Definition of fulminate
- fulminate a decree
- fulminating against government regulators
- —Mark Singer
Theme music by Joshua Stamper ©2006 New Jerusalem Music/ASCAP
She was fulminating about the dangers of smoking.
The editorial fulminated against the proposed tax increase.
These example sentences are selected automatically from various online news sources to reflect current usage of the word 'fulminate.' Views expressed in the examples do not represent the opinion of Merriam-Webster or its editors. Send us feedback.
Lightning strikes more than once in the history of "fulminate." That word comes from the Latin fulminare, meaning "to strike," a verb usually used to refer to lightning strikes - not surprising since it sprang from "fulmen," Latin for lightning. When "fulminate" was adopted into English in the 15th century, it lost much of its ancestral thunder and was used largely as a technical term for the issuing of formal denunciations by ecclesiastical authorities. But its original lightning spark remains in its suggestion of tirades so vigorous that, as one 18th-century bishop put it, they seem to be delivered "with the air of one who [has] divine Vengeance at his disposal."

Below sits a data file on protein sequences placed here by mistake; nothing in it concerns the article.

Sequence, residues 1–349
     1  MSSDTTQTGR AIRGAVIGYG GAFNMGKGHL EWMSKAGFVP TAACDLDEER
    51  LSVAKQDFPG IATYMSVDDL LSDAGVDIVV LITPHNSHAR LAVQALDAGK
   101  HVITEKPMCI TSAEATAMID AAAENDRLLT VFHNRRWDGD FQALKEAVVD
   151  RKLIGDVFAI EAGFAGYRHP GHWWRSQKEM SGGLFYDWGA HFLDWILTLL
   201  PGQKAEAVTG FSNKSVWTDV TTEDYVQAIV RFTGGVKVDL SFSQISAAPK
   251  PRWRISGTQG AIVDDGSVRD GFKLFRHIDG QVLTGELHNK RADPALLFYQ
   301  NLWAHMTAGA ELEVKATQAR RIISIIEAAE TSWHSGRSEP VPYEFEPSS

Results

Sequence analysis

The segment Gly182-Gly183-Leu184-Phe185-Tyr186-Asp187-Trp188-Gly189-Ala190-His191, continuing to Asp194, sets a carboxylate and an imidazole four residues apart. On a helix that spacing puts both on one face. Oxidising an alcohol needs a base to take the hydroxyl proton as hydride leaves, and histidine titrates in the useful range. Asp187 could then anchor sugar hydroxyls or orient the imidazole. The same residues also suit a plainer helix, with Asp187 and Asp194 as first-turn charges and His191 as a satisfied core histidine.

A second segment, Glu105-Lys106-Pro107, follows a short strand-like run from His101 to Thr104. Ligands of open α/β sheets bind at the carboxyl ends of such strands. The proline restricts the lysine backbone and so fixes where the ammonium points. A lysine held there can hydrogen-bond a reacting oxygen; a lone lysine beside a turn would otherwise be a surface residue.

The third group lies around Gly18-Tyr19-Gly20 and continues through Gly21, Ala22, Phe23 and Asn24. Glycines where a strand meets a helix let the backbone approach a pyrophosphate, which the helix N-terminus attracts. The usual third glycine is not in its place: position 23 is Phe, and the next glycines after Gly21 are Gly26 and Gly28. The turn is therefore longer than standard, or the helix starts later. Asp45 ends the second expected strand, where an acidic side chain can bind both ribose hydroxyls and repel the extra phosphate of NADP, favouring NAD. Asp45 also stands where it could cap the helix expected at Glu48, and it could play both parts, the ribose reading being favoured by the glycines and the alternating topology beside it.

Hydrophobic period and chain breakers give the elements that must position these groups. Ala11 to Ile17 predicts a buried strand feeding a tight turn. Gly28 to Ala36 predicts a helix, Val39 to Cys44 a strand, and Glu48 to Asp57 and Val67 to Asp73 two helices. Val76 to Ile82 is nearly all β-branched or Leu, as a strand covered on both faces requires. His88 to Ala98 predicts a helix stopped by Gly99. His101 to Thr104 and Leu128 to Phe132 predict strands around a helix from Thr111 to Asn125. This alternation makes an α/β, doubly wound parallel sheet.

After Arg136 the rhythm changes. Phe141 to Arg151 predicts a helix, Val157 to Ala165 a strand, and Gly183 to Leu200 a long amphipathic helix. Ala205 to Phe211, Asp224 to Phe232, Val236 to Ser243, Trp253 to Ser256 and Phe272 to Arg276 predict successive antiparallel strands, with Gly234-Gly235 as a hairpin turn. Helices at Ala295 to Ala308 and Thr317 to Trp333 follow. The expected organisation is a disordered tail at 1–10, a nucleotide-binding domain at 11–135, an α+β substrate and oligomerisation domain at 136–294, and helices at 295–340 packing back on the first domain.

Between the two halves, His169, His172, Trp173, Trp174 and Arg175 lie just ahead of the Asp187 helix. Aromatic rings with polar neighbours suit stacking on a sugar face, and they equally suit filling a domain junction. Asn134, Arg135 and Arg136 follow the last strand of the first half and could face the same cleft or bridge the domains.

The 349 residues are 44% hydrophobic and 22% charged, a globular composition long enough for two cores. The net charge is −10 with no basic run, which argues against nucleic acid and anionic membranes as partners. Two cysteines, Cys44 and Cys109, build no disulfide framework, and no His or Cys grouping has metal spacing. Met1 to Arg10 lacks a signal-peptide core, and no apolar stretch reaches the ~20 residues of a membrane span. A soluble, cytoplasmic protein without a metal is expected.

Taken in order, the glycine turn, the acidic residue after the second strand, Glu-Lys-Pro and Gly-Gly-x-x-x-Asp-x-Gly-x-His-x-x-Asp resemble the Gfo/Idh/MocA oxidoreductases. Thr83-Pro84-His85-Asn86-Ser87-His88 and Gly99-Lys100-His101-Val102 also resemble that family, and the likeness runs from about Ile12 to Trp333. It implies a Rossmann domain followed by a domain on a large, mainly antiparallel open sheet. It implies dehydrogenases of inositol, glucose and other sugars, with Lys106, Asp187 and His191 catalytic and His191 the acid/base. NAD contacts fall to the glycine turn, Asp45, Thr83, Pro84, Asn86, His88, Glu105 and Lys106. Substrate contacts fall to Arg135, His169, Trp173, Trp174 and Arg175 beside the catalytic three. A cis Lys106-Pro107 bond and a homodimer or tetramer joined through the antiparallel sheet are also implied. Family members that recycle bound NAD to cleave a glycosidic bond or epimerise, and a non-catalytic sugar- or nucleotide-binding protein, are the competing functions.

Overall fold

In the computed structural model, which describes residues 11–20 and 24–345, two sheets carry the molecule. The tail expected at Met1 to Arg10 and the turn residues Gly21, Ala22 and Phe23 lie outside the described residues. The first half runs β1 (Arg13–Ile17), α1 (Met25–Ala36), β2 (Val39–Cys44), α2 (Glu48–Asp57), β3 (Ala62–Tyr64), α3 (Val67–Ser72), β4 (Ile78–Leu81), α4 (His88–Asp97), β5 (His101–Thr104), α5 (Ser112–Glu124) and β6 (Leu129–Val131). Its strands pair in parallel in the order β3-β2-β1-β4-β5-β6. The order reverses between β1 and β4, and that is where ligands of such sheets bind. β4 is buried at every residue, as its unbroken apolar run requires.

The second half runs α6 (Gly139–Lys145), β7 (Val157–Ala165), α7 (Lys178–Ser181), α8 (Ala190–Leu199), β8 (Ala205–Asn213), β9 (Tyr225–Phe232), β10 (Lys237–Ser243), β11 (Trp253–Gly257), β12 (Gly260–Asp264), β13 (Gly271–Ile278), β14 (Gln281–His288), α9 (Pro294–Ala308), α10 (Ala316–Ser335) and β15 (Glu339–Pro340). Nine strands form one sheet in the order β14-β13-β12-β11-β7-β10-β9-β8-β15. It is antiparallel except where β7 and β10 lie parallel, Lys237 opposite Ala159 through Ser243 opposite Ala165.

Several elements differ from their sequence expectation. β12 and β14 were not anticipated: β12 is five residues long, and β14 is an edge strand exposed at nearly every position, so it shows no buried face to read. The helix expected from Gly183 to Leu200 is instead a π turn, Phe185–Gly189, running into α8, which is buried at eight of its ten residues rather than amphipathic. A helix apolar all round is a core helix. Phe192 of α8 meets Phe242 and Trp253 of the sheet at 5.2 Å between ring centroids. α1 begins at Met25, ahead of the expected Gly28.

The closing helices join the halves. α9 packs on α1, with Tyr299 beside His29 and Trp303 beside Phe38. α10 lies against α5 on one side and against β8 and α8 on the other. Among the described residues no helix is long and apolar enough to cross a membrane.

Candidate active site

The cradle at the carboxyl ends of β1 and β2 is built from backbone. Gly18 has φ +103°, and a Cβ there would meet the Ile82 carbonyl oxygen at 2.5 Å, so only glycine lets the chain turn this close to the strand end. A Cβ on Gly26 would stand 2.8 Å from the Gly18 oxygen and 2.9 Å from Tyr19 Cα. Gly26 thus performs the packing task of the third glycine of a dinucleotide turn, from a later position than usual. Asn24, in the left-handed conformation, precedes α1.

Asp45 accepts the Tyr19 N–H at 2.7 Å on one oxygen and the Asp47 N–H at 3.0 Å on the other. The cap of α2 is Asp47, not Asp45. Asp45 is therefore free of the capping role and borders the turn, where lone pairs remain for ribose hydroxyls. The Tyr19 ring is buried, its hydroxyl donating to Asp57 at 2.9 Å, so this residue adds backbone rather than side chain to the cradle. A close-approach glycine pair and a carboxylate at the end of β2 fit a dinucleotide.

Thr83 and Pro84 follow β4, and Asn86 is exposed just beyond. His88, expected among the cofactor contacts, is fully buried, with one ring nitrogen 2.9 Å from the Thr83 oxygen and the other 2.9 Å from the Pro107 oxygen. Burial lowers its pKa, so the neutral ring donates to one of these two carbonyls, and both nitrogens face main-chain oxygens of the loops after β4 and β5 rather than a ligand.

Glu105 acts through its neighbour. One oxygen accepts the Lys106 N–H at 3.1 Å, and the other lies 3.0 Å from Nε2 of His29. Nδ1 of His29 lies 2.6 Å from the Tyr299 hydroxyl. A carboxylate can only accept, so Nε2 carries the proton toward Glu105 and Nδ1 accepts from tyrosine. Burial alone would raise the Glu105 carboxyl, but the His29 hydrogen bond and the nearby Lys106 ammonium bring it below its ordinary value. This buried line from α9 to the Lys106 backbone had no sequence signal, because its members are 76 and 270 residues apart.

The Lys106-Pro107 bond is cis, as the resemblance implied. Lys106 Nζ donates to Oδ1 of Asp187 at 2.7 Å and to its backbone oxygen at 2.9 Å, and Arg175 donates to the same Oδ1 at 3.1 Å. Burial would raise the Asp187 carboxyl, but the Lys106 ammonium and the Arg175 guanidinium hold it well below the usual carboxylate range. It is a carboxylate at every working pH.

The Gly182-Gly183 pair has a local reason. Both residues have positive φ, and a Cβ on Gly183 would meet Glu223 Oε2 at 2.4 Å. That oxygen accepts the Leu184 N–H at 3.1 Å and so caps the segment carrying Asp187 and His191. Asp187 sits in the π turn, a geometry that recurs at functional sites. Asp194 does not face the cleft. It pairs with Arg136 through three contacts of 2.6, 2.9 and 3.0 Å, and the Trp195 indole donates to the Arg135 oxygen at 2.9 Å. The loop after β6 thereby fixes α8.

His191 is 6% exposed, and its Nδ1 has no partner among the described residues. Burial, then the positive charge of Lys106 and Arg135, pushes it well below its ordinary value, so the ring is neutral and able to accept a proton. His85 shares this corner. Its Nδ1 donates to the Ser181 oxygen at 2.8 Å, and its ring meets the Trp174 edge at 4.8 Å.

First Known Use: 1824See Words from the same year
: to complain loudly or angrily
What made you want to look up fulminate? Please tell us where you read or heard it (including the quote, if possible).
Merriam-Webster's New Words Quiz—Fall 2017 Edition!
Test your knowledge - and maybe learn something along the way.TAKE THE QUIZ
Test Your Knowledge - and learn some interesting things along the way.TAKE THE QUIZ